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Hexokinase-2 depletion inhibits glycolysis and induces oxidative phosphorylation in hepatocellular carcinoma and sensitizes to metformin

Cited 292 time in Web of Science Cited 304 time in Scopus

DeWaal, Dannielle; Nogueira, Veronique; Terry, Alexander R.; Patra, Krushna C.; Jeon, Sang-Min; Guzman, Grace; Au, Jennifer; Long, Christopher P.; Antoniewicz, Maciek R.; Hay, Nissim

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Nature Publishing Group
Nature Communications, Vol.9 No.1, p. 446
Hepatocellular carcinoma (HCC) cells are metabolically distinct from normal hepatocytes by expressing the high-affinity hexokinase (HK2) and suppressing glucokinase (GCK). This is exploited to selectively target HCC. Hepatic HK2 deletion inhibits tumor incidence in a mouse model of hepatocarcinogenesis. Silencing HK2 in human HCC cells inhibits tumorigenesis and increases cell death, which cannot be restored by GCK or mitochondrial binding deficient HK2. Upon HK2 silencing, glucose flux to pyruvate and lactate is inhibited, but TCA fluxes are maintained. Serine uptake and glycine secretion are elevated suggesting increased requirement for one-carbon contribution. Consistently, vulnerability to serine depletion increases. The decrease in glycolysis is coupled to elevated oxidative phosphorylation, which is diminished by metformin, further increasing cell death and inhibiting tumor growth. Neither HK2 silencing nor metformin alone inhibits mTORC1, but their combination inhibits mTORC1 in an AMPK-independent and REDD1-dependent mechanism. Finally, HK2 silencing synergizes with sorafenib to inhibit tumor growth.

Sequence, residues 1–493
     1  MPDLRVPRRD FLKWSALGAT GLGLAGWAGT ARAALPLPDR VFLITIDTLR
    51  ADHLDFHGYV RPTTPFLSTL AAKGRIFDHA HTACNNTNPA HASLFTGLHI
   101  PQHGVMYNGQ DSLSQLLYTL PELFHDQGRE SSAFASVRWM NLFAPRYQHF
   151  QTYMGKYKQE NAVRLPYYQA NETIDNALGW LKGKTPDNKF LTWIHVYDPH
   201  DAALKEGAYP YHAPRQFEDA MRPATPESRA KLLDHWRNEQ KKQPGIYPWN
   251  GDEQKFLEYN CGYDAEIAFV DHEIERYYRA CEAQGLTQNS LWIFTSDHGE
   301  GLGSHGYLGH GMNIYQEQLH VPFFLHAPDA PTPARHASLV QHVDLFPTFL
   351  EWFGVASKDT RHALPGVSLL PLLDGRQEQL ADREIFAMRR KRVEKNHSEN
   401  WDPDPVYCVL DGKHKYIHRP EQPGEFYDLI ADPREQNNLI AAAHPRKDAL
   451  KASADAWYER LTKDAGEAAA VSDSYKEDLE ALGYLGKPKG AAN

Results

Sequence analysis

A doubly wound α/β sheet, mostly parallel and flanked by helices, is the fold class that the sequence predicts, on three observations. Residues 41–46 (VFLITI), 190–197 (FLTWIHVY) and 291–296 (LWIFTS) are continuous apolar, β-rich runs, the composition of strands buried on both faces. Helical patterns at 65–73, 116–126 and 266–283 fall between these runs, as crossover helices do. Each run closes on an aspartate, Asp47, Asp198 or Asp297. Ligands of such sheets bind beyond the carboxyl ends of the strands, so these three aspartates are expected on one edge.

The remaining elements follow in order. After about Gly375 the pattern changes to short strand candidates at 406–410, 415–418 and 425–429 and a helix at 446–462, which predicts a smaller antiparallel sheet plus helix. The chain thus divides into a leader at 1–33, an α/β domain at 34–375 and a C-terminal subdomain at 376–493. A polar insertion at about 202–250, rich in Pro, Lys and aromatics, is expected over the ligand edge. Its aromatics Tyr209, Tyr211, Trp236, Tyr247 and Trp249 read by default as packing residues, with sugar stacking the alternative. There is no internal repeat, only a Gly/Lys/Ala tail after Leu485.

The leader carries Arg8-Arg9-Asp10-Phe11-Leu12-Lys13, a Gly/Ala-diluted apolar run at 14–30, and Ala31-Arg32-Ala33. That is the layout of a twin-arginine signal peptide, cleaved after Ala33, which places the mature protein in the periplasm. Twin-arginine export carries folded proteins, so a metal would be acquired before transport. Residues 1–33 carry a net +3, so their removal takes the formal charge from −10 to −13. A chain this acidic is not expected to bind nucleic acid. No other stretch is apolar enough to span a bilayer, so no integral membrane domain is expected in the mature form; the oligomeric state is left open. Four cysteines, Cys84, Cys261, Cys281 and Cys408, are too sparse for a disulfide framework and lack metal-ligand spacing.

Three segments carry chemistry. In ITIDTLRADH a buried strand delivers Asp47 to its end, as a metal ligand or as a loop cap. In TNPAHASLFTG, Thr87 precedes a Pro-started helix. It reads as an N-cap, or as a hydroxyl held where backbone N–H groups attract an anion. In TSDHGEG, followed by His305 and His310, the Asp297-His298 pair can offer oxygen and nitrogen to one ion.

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  • College of Pharmacy
  • Department of Pharmacy
Research Area Cancer Origin, Metabolism, Toxicology


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